The top ten: Last sentences of novels

  • @johnrentoul

My esteemed colleague Guy Keleny had no suggestions for First Sentences, which we did on 3 March, but said he liked the last line of 'The Lord of the Rings'. Single, complete sentences with a 140-character limit turned out to be quite restrictive, but, with the usual warning about spoilers, here we go…

1. 'Well, I'm back' The Lord of the Rings by JRR Tolkien. Nominated by Guy Keleny.

2. 'It could be that the sort of sentence one wants right here is the kind that runs, and laughs, and slides, and stops right on a dime' Speedboat by Renata Adler. From Matthew Hoffman.

3. 'After all, tomorrow is another day' Gone with the Wind by Margaret Mitchell.

4. 'Ever drifting down the stream—/ Lingering in the golden gleam— / Life, what is it but a dream?' Through the Looking-Glass by Lewis Carroll. Nominated by Matthew Hoffman.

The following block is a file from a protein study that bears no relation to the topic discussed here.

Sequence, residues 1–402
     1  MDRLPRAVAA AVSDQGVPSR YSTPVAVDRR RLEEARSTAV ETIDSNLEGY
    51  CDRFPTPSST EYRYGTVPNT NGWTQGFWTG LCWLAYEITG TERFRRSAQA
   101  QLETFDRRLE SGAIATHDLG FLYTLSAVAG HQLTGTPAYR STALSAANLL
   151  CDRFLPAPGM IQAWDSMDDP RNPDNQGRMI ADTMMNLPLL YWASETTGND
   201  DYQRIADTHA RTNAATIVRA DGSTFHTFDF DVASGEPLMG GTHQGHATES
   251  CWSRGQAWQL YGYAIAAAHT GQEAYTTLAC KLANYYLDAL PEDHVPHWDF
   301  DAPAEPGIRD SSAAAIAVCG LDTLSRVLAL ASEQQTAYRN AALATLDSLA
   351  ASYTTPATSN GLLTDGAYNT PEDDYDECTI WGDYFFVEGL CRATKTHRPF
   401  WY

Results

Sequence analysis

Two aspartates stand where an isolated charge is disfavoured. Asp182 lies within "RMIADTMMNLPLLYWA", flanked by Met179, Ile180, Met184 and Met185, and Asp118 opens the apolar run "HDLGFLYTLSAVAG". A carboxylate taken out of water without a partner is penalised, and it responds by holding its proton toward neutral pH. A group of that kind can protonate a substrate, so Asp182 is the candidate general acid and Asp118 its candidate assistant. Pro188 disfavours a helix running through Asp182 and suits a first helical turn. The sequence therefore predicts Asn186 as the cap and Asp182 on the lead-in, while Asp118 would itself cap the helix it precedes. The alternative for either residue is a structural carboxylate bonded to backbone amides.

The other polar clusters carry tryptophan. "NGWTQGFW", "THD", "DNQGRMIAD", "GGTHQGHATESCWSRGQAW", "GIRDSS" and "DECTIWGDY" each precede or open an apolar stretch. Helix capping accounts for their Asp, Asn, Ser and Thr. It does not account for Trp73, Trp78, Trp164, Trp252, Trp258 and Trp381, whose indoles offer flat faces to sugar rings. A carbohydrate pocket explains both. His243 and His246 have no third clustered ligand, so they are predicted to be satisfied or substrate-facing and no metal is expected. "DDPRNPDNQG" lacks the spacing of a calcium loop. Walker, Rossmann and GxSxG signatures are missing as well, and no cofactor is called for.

5. 'He passed on unsuspected and deadly, like a pest in the street full of men' The Secret Agent by Joseph Conrad. Selected by Terry Stiastny.

6. 'So we beat on, boats against the current, borne back ceaselessly into the past' The Great Gatsby by F Scott Fitzgerald. From Alan Beattie.

7. 'Just watch me' The Woman Upstairs by Claire Messud. Chosen by Diane Sinclair.

8. 'There was a point to this story, but it has temporarily escaped the chronicler's mind' So Long and Thanks for All the Fish by Douglas Adams. Nominated by Mike Mason.

9. 'She was seventy-five and she was going to make some changes in her life' The Corrections by Jonathan Franzen. From Will Brett.

10. 'You could see a long way – but not as far as Velma had gone' Farewell, My Lovely by Raymond Chandler. Selected by Tony Valsamidis.

Next week: Malapropisms.

Coming soon: Surprisingly unrelated pairs of words (such as male, female). Send your suggestions, and ideas for future Top 10s, to